The Arab Spring In Review

A protester waves an Egyptian flag in Cairo, February 4, 2012
A protester waves an Egyptian flag in Cairo, February 4, 2012 (Alisdare Hickson)

Five years later, the dismal record of the Arab Spring is all too apparent. Syria burns, Egypt’s new pharaoh goes from strength to strength while the Gulf monarchs, having launched war in Yemen, have rarely seemed so lethal. Democracy, it is clear, did not sweep in with the revolutions of the 2011-12.

But that’s no reason to dismiss the spring entirely. All such wide-scale events have resonance. For better or worse, the Arab world is certainly different and in some slim ways even improved since 2011.

Here now is the geopolitical review of the Arab Spring. Read more “The Arab Spring In Review”

Trying to Find a Rhyme: The Middle East’s New Age

Skyline of Cairo, Egypt, December 18, 2008
Skyline of Cairo, Egypt, December 18, 2008 (Ed Yourdon)

It’s tempting to compare developments in the Middle East to historical ones. The current geopolitical struggle has been likened to Europe’s Thirty Years’ War when deadly religious and political conflicts raged before the establishment of the modern “Westphalian” nation states. The Syrian Civil War can be compared to the Spanish Civil War of the 1930s which was heavily swayed by foreign intervention. Regional tensions are eerily reminiscent of the Cold War’s chilling peace, assured by the threat of mutual nuclear annihilation, especially as Iran develops nuclear arms. Receding American power reminds some of the midcentury decline of the British Empire, the erstwhile “global policeman.”

However, as Mark Twain (apocryphally) said, history doesn’t repeat itself, it rhymes. Many analysts extrapolate the Middle East’s future based on historical parallels. When taken together, however, these disparate rhymes don’t quite make a neat harmony. The cacophony of comparisons reflects the difficulty to grasp and forecast the Middle East’s future. It reveals social and political shifts unprecedented in the region’s modern history, as strained governments repress a growing desire for more freedoms. Read more “Trying to Find a Rhyme: The Middle East’s New Age”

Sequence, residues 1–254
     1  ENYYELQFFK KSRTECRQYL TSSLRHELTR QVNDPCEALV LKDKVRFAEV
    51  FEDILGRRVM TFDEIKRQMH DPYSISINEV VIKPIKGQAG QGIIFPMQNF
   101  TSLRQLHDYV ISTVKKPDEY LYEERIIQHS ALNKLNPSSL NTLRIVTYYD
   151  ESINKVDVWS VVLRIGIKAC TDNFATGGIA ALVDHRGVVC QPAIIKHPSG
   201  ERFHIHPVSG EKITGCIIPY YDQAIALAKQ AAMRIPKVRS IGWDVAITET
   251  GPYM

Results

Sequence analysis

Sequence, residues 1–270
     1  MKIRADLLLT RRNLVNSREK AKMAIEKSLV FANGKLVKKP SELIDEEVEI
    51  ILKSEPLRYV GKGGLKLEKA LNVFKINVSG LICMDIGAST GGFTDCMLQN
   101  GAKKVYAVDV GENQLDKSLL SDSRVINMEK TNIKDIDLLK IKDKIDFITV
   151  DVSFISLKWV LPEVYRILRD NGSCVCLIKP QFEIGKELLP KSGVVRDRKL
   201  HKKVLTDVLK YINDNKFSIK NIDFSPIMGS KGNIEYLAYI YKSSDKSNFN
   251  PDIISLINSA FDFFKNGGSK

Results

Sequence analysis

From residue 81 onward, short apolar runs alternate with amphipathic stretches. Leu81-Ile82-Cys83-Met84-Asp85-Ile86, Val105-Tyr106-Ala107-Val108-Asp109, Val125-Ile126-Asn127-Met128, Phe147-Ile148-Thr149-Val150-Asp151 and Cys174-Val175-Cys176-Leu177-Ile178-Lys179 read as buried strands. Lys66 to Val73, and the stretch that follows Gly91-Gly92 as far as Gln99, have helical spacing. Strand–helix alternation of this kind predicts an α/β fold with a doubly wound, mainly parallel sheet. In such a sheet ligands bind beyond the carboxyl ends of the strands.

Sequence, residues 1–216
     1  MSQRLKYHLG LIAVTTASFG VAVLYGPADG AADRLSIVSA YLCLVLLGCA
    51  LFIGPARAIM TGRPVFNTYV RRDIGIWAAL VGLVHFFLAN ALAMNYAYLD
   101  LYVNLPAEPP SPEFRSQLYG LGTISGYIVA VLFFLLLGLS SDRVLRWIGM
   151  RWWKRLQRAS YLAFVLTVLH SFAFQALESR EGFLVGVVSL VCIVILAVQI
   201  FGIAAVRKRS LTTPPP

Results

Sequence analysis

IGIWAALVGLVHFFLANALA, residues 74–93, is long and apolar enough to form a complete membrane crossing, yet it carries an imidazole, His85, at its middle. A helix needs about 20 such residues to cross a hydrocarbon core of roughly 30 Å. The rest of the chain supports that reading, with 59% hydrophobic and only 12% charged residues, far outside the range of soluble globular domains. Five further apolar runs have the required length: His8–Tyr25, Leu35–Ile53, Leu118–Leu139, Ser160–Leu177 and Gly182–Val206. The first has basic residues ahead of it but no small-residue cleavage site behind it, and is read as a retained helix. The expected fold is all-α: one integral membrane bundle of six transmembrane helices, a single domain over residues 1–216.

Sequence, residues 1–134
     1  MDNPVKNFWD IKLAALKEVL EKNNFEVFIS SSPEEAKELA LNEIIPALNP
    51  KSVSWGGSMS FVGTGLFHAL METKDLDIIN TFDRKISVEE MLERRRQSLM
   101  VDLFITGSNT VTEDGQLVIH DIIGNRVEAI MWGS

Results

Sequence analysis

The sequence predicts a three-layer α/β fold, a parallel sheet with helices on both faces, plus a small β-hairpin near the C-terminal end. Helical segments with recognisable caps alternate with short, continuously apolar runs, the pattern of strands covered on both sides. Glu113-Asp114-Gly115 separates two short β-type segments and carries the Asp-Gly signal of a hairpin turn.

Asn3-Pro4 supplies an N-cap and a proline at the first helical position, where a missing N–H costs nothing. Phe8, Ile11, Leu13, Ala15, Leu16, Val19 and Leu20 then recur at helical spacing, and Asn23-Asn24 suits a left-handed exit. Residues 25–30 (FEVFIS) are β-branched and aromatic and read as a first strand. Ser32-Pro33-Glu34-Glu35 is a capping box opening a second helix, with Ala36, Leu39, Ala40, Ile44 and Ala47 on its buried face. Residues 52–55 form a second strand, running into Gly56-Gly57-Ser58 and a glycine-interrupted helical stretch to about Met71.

After Revolution, Tunisians Call for Dictator’s Return

Nearly two years after the start of the “Arab Spring,” Tunisians are openly calling for the return of former dictator Zine El Abidine Ben Ali who resigned and fled the country in January of last year after a month of protests.

“Ben Ali put people in prison but he didn’t shoot at us,” a mother whose son was shot in the eye by police during a riot told a reporter for the Dutch Nieuwsuur program. “I regret the revolution and would give up freedom of speech for more jobs,” a student told the BBC in October.

Ben Ali was the first Arab dictator to fall in a wave of revolutions that swept the Middle East and North Africa in early 2011. He was also the most aggressively secular one. Although 98 percent of Tunisians is Muslim, Ben Ali’s government banned headscarfs, closed mosques and persecuted Islamists who were suspected of radicalism or ties with terrorist groups.

Since his regime’s downfall, attendance at prayer services is up and religious schools, where students are separated according to gender — something that would have been unthinkable while Ben Ali was president — are growing in number. Read more “After Revolution, Tunisians Call for Dictator’s Return”

Mediterranean Engenders Tyranny of the Majority

As predicted, the fate of the “Arab Spring” democracies is leaving much to be desired. Liberal societies can simply not arise from illiberalism and the alternative is, and has always been, to either have secular, authoritarian, pro-Western elites or Islamist, populist, unreliable governments. Between liberal dictatorship and Islamist democracy, the choice is a dilemma.

What makes the choice more difficult is that it is also one between civil rights and political freedoms. In all of last year’s Arab revolutions, the observed constant was ethnic or ideological majorities politicizing the Mediterranean spillover of the Western financial crisis in order to unseat minority regimes. In Tunisia, the Islamists removed the secularists. The same happened in Egypt. In Bahrain, the Shia majority tried to overthrow a Sunni regime; vice versa in Syria, and in Libya there was no majority to be had. Read more “Mediterranean Engenders Tyranny of the Majority”

Turkey Has One Big Problem in Neighbor Syria

Ahmet Davutoğlu, Turkey's foreign minister, answers questions from reporters at NATO headquarters in Brussels, January 18, 2011
Ahmet Davutoğlu, Turkey’s foreign minister, answers questions from reporters at NATO headquarters in Brussels, January 18, 2011 (NATO)

The popular uprisings that toppled decade-old dictatorships in Tunisia, Egypt and Libya last year forced the Turks to reconsider their famed “zero problems with neighbors” policy and take sides. They welcomed the winds of change and proved quite willing to cut their ties with Middle Eastern despots after years of engagement in order to promote their own model of Islamist democracy and maintain an influence.